At this point I’d like to interrrupt this admittedly whiny post by saying that despite all my grievances things have actually been going well in life. I have made a friend! I’ve mentioned before how difficult it is for me to make friends, so that explains what a big deal this is. Previously I’d made a couple of ballet friends, who I enjoy talking with about ballet-related things before and after class, but it was still somehow superficial – if specialized- small-talk. But with this new friend (who has been an acquaintance for about a year, but we’ve been interacting more lately) who is also a dancer, but more into Modern than ballet, I’ve been having real conversations – sharing hopes, ideas, dreams, fears, beliefs. Conversations with substance, getting deep, which as an introvert I crave and enjoy immensely.
Among many other things, I’ve discussed ballet with her, and since she’s not completely passionate about ballet I’m able to hear a more levelheaded – and openminded – point of view than I sometimes get from my ballet friends. She’s actually the first person (besides Boyfriend) with whom I’ve discussed in depth my choice to not pursue going en pointe as a goal. This is something else that I’ve felt that I can’t talk about with anyone – even on here, sadly, although this should be a safe place for me to express my ideas – because it’s so different from everyone else’s point (obviously, no pun intended) of view, and I’m really bad at making controversial statements. But going over it with my friend has helped me feel more secure in my decision – since I’m not pursuing a professional dance career, there is nothing wrong with me enjoying ballet in flat slippers. For a while now, I’ve had this worry that since my goal is not to get en pointe then I can’t refer to what I’m doing as “ballet” (not that everyone who does ballet recreationally IS en pointe, of course, but from the ladies who are not all I ever hear is that it is their dream and number one goal. For full disclosure, I feel I have to admit that one of my goals – which I can check off – has been to be strong enough to be allowed to do it, even if I choose not to). Perhaps instead of “ballet” I should refer to it as “flat-llet”?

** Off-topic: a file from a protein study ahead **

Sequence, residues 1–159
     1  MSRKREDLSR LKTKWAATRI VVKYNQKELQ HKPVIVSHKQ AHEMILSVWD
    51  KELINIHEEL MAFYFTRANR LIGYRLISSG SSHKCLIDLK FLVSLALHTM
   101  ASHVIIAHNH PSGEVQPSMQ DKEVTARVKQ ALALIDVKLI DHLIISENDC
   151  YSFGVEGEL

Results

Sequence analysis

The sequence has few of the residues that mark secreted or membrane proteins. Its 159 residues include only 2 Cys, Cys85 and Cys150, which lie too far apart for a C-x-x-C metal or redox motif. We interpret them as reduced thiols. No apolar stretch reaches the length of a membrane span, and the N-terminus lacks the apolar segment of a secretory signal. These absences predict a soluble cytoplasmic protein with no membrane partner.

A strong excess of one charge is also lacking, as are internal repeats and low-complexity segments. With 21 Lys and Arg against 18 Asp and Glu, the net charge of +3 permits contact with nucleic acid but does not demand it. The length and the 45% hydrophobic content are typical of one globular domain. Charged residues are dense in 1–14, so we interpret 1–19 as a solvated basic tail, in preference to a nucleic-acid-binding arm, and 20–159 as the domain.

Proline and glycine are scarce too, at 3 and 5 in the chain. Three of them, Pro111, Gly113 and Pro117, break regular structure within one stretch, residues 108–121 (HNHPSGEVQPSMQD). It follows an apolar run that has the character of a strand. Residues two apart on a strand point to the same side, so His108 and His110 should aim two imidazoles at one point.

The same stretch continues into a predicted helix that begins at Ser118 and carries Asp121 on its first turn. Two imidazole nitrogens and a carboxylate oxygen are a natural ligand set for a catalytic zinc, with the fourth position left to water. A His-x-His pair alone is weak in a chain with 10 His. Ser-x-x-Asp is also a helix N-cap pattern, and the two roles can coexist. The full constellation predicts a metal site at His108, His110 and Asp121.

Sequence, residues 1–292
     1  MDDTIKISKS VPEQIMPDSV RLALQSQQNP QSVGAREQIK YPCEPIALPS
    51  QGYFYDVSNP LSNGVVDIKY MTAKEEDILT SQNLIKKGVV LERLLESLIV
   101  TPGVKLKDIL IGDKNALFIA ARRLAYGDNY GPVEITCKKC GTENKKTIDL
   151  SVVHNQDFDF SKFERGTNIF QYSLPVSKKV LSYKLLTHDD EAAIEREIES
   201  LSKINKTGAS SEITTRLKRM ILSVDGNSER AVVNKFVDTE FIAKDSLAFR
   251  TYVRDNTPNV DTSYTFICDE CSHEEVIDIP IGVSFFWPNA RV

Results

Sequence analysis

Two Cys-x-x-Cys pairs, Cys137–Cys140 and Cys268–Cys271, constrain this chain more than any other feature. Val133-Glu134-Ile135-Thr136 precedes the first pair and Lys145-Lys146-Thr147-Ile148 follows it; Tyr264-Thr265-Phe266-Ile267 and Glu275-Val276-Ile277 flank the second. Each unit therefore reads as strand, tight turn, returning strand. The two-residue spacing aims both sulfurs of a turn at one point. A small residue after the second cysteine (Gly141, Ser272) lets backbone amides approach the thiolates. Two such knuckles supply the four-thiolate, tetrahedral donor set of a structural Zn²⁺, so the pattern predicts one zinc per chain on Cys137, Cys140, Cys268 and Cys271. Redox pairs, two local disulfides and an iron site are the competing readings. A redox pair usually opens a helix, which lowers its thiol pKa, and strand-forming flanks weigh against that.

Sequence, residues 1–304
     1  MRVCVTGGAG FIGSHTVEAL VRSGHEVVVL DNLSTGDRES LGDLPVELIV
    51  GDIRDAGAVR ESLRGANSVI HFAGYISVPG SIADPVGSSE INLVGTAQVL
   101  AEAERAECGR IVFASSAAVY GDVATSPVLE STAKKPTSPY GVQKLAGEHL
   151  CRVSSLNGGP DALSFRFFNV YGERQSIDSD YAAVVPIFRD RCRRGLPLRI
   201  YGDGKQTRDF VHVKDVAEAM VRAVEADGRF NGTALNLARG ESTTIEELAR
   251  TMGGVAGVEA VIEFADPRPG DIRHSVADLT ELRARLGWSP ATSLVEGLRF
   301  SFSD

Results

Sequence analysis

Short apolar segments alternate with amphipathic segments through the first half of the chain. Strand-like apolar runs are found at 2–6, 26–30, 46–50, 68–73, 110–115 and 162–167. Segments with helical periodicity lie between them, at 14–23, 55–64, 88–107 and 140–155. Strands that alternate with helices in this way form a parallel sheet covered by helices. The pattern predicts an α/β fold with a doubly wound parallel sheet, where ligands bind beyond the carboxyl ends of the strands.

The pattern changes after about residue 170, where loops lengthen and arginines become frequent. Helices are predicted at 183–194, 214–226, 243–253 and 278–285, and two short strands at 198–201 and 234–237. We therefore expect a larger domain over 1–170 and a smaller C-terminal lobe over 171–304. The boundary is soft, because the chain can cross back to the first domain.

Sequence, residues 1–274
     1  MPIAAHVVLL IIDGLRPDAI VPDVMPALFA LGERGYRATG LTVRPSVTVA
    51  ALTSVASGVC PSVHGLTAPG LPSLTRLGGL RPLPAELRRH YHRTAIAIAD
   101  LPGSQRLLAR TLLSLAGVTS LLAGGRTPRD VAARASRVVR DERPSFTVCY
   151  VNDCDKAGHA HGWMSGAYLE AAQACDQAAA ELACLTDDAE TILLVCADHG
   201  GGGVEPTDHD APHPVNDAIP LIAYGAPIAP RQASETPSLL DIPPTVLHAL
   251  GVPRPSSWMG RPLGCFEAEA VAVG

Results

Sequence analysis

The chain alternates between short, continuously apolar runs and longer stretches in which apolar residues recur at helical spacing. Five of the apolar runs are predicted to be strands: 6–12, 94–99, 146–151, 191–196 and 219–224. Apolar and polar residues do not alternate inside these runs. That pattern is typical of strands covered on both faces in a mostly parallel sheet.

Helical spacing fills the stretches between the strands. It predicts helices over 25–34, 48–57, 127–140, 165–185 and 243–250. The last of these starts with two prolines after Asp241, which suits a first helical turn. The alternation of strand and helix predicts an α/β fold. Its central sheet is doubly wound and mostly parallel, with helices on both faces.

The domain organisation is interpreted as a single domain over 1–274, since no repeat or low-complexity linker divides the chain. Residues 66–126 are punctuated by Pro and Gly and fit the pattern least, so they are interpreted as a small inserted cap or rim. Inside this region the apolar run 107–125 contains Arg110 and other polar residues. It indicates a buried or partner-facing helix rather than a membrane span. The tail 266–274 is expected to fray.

Then again, I’m a big fan of ‘never say never’, so I’m not saying it will never happen. I’m just saying that with the way things currently are it is not my goal. Who knows what the future holds?